If a sentence sounds pretty but doesn’t give the reader information, remove it.
In addition, the tone should be formal and you should not use contractions, slang or jokes; remember, the statement will be read by academics – often leaders in their field.
Negativity has no place in a personal statement, so if you need to mention a difficult situation you have overcome, ensure you present it as a learning experience rather than giving the reader an opportunity to notice any shortcomings.
Also, bear in mind that your personal statement will probably go to several universities as part of a single application, so specifically naming one university is not going to win you any favours with the others.
Referring to books is fine but don’t resort to using famous quotes as they are overused and do not reflect your own ideas.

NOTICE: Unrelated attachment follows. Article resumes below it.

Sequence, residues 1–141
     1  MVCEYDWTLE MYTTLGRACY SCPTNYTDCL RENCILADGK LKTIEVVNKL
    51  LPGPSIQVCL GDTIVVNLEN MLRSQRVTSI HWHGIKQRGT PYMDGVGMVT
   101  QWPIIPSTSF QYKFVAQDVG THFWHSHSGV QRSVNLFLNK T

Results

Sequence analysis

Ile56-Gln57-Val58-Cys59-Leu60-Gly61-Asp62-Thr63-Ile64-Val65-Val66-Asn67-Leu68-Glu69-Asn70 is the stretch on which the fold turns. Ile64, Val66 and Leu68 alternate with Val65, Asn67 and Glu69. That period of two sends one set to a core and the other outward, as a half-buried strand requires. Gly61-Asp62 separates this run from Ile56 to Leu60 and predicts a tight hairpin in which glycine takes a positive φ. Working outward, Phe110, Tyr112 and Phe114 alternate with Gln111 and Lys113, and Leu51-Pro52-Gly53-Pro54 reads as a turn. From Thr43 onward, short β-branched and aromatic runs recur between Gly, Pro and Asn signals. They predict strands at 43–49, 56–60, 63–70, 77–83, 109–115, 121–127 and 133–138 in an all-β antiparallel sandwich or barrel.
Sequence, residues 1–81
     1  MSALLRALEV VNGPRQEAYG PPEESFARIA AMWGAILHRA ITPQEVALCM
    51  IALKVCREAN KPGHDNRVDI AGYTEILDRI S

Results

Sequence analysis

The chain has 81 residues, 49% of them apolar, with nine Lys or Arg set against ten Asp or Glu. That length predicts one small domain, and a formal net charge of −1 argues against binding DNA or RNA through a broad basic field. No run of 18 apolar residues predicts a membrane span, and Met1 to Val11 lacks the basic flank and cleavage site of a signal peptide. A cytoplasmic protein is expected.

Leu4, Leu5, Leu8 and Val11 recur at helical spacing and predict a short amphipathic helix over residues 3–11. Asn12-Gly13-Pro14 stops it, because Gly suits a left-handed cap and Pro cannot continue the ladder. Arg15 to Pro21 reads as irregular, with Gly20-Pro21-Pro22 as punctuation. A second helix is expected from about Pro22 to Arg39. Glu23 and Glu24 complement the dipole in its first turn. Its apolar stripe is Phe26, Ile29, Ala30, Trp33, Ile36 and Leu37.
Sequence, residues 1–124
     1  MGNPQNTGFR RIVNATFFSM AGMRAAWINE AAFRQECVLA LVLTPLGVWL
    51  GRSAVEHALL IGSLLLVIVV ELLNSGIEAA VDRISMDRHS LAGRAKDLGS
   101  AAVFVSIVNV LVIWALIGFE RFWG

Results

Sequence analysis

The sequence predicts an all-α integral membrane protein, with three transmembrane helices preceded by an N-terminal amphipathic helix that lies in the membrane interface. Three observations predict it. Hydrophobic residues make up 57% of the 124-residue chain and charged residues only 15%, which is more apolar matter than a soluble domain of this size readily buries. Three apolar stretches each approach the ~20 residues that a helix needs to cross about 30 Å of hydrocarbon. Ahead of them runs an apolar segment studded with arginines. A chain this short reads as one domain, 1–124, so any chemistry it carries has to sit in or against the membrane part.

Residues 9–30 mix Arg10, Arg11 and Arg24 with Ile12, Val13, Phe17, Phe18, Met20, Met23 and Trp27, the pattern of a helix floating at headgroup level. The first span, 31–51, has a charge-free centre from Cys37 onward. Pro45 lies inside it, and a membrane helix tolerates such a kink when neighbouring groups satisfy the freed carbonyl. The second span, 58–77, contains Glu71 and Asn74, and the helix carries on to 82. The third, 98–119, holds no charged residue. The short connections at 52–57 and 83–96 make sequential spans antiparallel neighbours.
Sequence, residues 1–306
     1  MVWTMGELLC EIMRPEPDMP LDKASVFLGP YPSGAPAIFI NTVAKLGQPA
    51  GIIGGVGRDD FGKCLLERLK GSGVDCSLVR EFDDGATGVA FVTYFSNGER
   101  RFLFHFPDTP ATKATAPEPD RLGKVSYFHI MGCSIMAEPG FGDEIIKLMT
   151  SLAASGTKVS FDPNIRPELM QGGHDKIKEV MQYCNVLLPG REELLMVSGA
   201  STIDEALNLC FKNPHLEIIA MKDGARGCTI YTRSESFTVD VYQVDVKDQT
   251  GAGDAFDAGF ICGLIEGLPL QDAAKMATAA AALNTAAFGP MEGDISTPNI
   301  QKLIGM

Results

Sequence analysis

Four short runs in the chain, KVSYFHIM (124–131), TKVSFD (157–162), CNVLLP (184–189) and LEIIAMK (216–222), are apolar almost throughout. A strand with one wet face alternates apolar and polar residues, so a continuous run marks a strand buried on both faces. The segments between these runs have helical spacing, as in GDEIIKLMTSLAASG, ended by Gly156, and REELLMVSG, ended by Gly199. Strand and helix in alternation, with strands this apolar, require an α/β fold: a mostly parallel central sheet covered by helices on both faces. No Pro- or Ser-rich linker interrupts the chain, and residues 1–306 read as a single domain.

Also, while it's good to avoid repetition, don't overdo it with the thesaurus.Jot down all your experiences, activities, skills, attributes and perhaps even include books you have read or even current items that interest you in the news.Then look for how these link to your course and highlight the most significant elements using arrows, colours and even doodles.Taking part in a work placement falls into the same category and could have helped you develop your communication, time-management and computer skills. Non-academic accomplishments may involve music, sport, travel or clubs and can lead to a variety of competencies such as team-working, leadership, language or presentation skills.A word of warning here: it is vital that you sell yourself, but arrogance or lies will result in your personal statement landing in the 'rejected' pile. Provide a memorable conclusion Once you have emphasised your keen interest and relevant qualities, you should round off the statement with a conclusion that will be remembered.It is perfectly acceptable to base this ABC rule on school-based activities, as not all students have opportunities outside the classroom.However, if you can link extra-curricular pursuits to your desired programme of study, you are further highlighting your commitment.It can also underline your motivation and determination.Use a formal tone, stay relevant and be positive As you have to pack all this information into a relatively short statement, it is essential to avoid the superfluous or, as I like to call it, the 'fluff'.There is little point putting all your effort to generate interest in the opening paragraph only for your statement to gradually fade away at the end.A good conclusion will create lasting impact and may express how studying your chosen course will allow you to pursue a particular career or achieve any other plans.